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Creating Nansen’s Pastport

September 16, 2020 @ 2:00 pm 3:00 pm

Anneli Skaar

The Nansen Passport was a passport devised for stateless peoples and refugees in 1922 in post-Great War Europe by Norwegian polar explorer, scientist, diplomat, and humanitarian Fridtjof Nansen. Ironically, the unknown regions of the far north that Nansen explored in his youth are today directly connected with climate disruption and sea level rise as well as the far-reaching humanitarian issues that accompany them. How are Nansen’s creative solutions to the great humanitarian crises of his day relevant to the issues of human displacement and migration that we face tomorrow? 

Join artist Anneli Skaar as she discusses the artistic inspiration behind Nansen’s Pastport. The book is a creative reimagining inspired by the Nansen passport, using Nansen’s own words from past writings to inspire empathy and diplomatic solutions in our own time. The presentation will address some of the historical context of the original Nansen passport, the history of the standardized international passport which celebrates its centennial on October 21, 2020, and explain the thoughts and process behind all the creative elements included in this fine press edition published by Two Ponds Press. This book is in the United Nations Library in Geneva and in the Rare Book and Special Collections Division of the Library of Congress, as well as libraries and private collections both nationally and internationally.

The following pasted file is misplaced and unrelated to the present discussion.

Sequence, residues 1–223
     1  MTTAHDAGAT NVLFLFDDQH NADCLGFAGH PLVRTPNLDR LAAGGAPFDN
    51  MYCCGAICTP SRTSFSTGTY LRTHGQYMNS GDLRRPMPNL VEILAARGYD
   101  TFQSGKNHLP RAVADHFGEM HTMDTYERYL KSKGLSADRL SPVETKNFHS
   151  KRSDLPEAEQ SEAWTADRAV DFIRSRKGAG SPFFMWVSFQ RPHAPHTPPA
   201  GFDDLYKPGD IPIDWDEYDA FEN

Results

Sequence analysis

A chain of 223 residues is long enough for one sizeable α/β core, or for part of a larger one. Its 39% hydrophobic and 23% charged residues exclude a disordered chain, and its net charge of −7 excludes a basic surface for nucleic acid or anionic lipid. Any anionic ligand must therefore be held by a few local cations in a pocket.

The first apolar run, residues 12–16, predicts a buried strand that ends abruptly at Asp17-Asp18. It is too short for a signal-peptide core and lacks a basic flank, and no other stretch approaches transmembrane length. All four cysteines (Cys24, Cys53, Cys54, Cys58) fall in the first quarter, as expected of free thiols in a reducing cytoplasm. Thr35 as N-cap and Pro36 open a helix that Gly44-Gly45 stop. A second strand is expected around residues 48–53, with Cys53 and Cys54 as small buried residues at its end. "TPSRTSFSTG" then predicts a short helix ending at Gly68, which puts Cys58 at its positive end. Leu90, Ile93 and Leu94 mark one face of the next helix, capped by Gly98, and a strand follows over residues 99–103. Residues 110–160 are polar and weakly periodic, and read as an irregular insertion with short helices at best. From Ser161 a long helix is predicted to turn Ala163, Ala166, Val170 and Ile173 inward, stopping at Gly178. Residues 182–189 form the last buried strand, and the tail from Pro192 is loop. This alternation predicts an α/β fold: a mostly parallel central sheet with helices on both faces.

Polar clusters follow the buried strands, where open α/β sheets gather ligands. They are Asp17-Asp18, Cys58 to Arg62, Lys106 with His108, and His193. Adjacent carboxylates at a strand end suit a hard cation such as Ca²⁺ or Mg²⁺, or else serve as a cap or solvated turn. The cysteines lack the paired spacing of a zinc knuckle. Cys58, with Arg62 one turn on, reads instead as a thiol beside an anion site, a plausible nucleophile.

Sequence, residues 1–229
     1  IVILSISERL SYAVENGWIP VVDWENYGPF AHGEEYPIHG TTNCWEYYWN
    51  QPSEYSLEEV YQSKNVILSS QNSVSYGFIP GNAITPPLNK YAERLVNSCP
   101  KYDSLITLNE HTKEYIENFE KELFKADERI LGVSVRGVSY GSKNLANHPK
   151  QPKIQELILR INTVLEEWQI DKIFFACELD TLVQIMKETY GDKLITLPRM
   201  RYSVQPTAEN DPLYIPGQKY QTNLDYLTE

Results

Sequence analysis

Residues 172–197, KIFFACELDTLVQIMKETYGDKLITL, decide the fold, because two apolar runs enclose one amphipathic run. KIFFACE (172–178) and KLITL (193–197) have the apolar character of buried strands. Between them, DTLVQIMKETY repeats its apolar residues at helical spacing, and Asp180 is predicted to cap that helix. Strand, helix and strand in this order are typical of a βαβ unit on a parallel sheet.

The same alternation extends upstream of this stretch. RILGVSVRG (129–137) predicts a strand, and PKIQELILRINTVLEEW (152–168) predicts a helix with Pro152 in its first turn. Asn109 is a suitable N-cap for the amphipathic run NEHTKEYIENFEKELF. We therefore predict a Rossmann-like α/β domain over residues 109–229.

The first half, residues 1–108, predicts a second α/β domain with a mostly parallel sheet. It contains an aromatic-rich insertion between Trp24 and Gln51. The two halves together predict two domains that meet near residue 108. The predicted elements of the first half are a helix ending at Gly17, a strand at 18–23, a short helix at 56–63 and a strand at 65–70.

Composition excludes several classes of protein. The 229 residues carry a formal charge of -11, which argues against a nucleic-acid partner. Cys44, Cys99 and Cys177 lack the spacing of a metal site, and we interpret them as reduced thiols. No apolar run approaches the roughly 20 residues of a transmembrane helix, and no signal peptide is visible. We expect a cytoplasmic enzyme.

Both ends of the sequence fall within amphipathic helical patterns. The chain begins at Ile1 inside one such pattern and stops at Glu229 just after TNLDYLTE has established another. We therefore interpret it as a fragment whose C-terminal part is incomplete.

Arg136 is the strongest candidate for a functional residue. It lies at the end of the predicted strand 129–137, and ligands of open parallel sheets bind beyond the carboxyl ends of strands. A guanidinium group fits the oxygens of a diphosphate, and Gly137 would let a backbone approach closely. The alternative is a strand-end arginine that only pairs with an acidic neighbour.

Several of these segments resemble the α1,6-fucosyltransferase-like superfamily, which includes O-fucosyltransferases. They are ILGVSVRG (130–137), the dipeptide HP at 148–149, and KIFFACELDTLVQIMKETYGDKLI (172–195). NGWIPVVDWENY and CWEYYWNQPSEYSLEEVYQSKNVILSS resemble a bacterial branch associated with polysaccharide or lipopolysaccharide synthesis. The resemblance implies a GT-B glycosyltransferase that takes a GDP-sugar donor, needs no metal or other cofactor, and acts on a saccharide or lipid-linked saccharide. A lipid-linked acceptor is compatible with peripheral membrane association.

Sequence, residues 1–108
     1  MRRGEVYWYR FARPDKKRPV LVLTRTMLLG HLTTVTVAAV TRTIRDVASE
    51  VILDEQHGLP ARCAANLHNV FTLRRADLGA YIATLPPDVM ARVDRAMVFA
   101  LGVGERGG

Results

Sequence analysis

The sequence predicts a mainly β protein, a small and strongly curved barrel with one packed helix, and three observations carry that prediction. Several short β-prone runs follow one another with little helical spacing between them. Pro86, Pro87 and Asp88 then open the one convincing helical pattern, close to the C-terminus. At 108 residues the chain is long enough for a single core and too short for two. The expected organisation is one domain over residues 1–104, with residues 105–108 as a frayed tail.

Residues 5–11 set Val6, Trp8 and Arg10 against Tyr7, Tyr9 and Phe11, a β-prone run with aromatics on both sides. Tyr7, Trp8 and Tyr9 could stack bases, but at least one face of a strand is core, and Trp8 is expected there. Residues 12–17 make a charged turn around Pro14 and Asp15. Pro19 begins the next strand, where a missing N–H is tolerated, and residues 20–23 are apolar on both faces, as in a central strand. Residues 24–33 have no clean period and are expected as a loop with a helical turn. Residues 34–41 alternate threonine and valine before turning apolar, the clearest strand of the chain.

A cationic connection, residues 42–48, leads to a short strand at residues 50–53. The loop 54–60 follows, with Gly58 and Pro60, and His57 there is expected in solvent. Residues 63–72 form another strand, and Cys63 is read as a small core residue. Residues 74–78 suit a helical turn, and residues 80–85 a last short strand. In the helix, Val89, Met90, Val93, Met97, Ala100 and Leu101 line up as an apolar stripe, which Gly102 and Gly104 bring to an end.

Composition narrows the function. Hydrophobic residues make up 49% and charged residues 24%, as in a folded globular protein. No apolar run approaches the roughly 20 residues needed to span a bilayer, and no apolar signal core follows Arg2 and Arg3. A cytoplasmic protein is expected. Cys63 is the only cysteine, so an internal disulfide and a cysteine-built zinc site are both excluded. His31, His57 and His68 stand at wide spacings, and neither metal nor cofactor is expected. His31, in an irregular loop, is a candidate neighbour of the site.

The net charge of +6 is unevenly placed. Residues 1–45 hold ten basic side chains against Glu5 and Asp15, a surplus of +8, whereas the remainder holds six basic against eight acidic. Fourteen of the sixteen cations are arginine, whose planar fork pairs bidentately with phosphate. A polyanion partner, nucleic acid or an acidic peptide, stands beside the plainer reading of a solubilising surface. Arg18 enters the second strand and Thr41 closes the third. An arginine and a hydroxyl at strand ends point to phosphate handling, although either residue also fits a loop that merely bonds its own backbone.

Ken Shure and Liv Rockefeller of Two Ponds Press are devoted to celebrating and reinventing the fine art press, rooted in the traditions of classic fine printing combined with exploring the possibilities of contemporary technologies. 

Anneli Skaar is a Norwegian-American artist and designer with a B.A. from the Norwegian National Academy of the Arts. She has drawn inspiration from studies from Svalbard to Greenland, and has produced several articles and lectures on arctic subjects. Skaar lives in mid-coast Maine and is the Creative Director for the Farnsworth Art Museum. 

Cost: $10, Free for members.